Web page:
So he planted these beans, not a very big patch. And October came and things died back and there were ALL THESE BEANS! We had a 3/4 ton Ford as a farm truck at that time so the husband took that down, pulled those bean vines, and filled the bed of that truck up. Literally. You could not see out the back window for the piled-up bean vines. He drove it up and parked it near our little old unheated, uncooled, 5-gallon water heater trailer and we'd bring in an armload of vines and strip the pods off (feeding the haulms to the rabbits) then shell out the green October beans and can them. There is nothing better than a green (matured but not dried), home-canned October bean!

A few years later he worked with someone whose family lived in Maine and was given a pound of a Maine staple, Jacob's Cattle Beans. We grew some of those, canned them, and gave the giver a few jars. She asked for the recipe: beans, water, salt. That's all. So that's how we got started growing Jacob's Cattle beans.

It's time to start seeds for fall cabbages, and get a lettuce bed started in a shady area, and process something every day.


Kathryn said...

Hello, very long-time reader, first time commenter. Actually, I have what might seem a strange question, since it doesn't have anything to do with this post.

Years ago, I read Eleutheros' blog regularly, and before it was taken down I copied all the posts and comments so I could re-read it at my leisure. SO many fascinating things to think about. So anyway, I'm rereading through it again, and I've come to the part where he discussed culture and the loss of it. Specifically, I was fascinated to learn that there is a specific way of offering and accepting tea in your culture. As a person of no-culture, I am curious to know how one politely offers and accepts or refuses tea in your house?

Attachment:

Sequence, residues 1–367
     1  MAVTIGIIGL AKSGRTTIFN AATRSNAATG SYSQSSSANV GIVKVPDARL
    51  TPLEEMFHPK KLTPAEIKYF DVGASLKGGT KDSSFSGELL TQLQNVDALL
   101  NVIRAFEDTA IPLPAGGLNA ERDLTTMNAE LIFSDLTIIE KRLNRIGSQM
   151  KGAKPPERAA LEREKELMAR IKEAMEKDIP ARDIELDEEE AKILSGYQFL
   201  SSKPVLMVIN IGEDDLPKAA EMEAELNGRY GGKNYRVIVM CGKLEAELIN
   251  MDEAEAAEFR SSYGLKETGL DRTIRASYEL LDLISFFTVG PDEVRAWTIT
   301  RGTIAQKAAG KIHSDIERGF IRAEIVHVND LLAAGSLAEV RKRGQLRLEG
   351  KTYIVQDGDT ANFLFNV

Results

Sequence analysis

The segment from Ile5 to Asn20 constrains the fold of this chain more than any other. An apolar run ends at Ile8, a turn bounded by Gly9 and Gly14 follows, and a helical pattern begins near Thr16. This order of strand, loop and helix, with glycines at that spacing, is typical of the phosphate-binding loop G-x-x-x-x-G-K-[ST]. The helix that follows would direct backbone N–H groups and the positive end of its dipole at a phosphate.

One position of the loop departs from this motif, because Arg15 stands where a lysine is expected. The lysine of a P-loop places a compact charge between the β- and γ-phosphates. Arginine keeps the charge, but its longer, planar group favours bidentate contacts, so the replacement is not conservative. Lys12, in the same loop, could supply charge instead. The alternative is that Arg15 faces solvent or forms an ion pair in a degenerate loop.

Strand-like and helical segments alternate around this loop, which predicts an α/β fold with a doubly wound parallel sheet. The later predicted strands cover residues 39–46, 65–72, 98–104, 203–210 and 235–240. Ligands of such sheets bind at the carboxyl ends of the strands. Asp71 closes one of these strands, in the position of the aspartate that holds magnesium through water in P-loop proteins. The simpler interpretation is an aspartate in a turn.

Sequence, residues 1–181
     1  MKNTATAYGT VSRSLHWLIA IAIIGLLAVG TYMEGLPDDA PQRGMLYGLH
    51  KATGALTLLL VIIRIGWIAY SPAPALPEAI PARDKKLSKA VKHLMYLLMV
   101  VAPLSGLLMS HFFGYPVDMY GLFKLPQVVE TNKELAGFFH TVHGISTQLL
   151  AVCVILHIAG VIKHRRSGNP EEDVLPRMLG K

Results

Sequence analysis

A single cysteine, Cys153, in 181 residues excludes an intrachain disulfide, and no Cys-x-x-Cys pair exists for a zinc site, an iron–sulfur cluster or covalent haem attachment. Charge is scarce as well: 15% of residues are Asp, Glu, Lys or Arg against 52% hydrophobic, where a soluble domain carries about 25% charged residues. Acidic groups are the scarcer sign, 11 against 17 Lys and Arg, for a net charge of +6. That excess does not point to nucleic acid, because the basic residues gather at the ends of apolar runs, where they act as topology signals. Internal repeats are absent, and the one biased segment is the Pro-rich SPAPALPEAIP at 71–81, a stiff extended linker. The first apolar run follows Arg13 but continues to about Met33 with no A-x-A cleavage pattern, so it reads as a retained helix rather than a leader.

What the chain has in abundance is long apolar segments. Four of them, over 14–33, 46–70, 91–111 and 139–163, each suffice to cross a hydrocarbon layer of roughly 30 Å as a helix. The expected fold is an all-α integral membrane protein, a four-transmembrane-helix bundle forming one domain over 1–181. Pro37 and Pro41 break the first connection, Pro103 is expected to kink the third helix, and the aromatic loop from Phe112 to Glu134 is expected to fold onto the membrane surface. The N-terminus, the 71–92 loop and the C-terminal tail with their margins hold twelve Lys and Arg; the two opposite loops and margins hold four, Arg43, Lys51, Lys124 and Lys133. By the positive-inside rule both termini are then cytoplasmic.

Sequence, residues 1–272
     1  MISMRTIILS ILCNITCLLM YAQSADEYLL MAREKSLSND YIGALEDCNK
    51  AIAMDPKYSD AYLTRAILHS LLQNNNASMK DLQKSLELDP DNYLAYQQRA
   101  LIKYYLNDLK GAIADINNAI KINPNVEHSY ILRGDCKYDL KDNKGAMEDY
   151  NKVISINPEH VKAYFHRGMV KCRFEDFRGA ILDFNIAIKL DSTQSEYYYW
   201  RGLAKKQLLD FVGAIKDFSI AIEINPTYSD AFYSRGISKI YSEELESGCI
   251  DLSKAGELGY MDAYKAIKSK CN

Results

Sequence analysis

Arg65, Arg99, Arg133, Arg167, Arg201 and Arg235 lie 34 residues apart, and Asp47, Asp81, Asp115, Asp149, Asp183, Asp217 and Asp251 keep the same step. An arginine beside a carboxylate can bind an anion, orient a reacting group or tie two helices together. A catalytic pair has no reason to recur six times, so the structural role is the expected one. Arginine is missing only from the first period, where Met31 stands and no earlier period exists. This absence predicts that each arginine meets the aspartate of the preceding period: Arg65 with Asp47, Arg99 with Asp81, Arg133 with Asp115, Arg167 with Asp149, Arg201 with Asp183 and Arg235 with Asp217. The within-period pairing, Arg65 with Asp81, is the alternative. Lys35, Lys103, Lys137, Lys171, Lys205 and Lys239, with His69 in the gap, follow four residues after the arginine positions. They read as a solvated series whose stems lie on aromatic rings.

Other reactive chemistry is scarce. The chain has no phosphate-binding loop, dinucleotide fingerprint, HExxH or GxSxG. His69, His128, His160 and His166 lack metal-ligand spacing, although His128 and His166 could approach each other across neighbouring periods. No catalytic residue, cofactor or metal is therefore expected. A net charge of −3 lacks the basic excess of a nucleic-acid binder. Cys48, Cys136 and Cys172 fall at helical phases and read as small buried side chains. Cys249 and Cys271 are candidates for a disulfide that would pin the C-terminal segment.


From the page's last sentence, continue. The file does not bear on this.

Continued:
I understand if you're too busy to answer, but I really am dying to learn more.

Thank you,

CG said...

I'll see if I can round up the odd fellow to answer you. I'm a bit shocked anyone but me is still here. I know part of elutheros' work made it to the wayback machine but not all of it. Sad about that.

Anonymous said...

As to how tea is offered, in the Appalachian culture directness is an affront. Most interactions are handled indirectly. For example, when it comes time to pay someone, just handing them the money is dismissive. After talking and coming to an agreement, the payer will lay the money down on the table or counter fanned out so what is there can be seen at a glance and look away. The payee, seeing at a glance the amount, will pick it up, shuffle it together, and put it away.

So within the household one does not say "I want some tea." Rather "Some tea would be nice."

But when a visitor is in the house they can be asked and it goes like this:

"Would you like a cup of tea?"
"Thank you! But I wouldn't want to be a bother."
"Oh, it's no bother. The kettle is almost hot."
"Really, don't got to the trouble."
"Why no trouble, in fact I was thinking about having a cup myself."
"Oh, well seeing as you were going to have some yourself, why yes, I'd love a cup of tea."

Directness is never a virtue. It conveys a sense of anger, impatience, and disrespect.

Kathryn said...

His blog definitely should have been more widely read. I miss it.

Thank you, Kathryn

Anonymous said...

Thank you, Eleutheros. That clears things up. My south Georgia relatives would handle things in a similar way.